Tampa Bay's highly controversial ticket sale policies generated a strong reaction from around the hockey world. Fans league wide are outraged at the lengths the Lightning have gone to keep opposing fans out of their arena (with mixed results), and Tampa may have overextended its hand when it threatened to cancel or move the season tickets of an active-duty Army captain on the verge of deployment for trying to sell his tickets.
Hockey fans to the North in more established markets may not understand why Tampa's policy is so restrictive. But for Sun Belt fans, it's probably not a big surprise. You can ask pretty much any fan on Coyotes Twitter to share a story of opposing fans behaving badly in Gila River Arena, and they'll be able to give you at least one.
While visiting fans certainly don't have a monopoly on bad behavior at hockey games, teams in places like Arizona, Nashville, and Tampa have reasons to be concerned. One ugly incident between a visiting fan and a home fan could ruin the experience for fans attending a game for the first time, and in places like Arizona where the fan attendance rates are anything but robust, losing new fans is a major problem for the franchise.
So it should come as anything but a surprise that some teams would try to keep visiting fans out, in the hope that doing so reduces the chance of an incident occurring in the stands. But what Tampa Bay is doing is a step too far.
Tampa's enforcement of their policies are so overbearing and absolutist that they may be turning off Lightning fans who for whatever reason aren't able to go to a particular game. The prevalence of secondary ticket markets, coupled with the number of transplants who move from the Northeast and Midwest to Southern cities has also made the effectiveness of the policy hard to see.
Teams league wide should exercise caution when contemplating imposing restrictive ticket sale policies in the future, because as Tampa Bay is discovering right now, the PR blowback from doing so may not be worth the hoped-for increase in home-ice advantage.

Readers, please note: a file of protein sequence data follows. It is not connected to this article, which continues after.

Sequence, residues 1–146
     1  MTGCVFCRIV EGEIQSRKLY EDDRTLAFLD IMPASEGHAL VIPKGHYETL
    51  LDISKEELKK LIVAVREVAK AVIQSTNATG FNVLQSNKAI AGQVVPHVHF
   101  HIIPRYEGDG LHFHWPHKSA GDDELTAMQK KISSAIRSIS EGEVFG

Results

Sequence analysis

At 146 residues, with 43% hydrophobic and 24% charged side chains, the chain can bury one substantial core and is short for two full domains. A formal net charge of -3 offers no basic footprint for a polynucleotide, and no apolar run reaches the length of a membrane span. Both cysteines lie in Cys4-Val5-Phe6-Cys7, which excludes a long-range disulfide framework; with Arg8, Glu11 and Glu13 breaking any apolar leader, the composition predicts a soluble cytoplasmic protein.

- Did anybody's draft stock fall faster in the past few months than Swedish defenseman Oliver Kylington's? Once pegged as a sure-fire first rounder, Kylington is now commonly seen as on the bubble between first and second.
- The Coyotes could (and perhaps should) take a gamble that Kylington's rough draft season and injury were an unfortunate aberration and not at all indicative of his performance. His comparables according to some include Keith Yandle and Oliver Ekman-Larsson, so clearly the talent is there.
- Arizona can do it because it has two picks in the range that Kylington is thought to be available at (#29/30 and #32). So the Coyotes could take a flier on Kylington and hope he reaches his potential, while using their other selection to take someone a little safer.
- Let's consider the following transaction:
— Ryan Blight (@arby_18) June 6, 2015
- Giving up Mikkel Boedker and the third overall pick might be a tough pill to swallow, especially given Michael Frolik is an UFA this year and Dustin Bugfylien is a UFA next year.
- But, having three first rounders (and the #32 pick as well) in this Draft would give Don Maloney a variety of options. He could possibly trade back up into the Top 10, use a first or two to acquire a talented center, or hold onto all of them and load up the system with prospects.
- I doubt Winnipeg makes this trade. At a bare minimum, both teams would have to be reasonably sure that Boedker and Frolik would sign with their new teams this summer. Winnipeg would also have to wait until #47 to pick again after #3.
- If I were Don Maloney, I would definitely think about it though. I might consider asking for a forward or defensive prospect in place of Frolik or Bugfylien. I think my decision would depend on what kind of contract Frolik would be amiable to.
- Interesting to see that Craig Morgan believes John Moore may not be in Arizona's long-term plans, depending on the outcome of arbitration/RFA negotiations.
- That the Coyotes would tender offers to Moore, Klas Dahlbeck, and Craig Cunningham is not surprising. Dahlbeck was an important part of the Vermette deal, and Cunningham has demonstrated goal scoring ability at the AHL level. He might be a cheap option to play in the bottom six.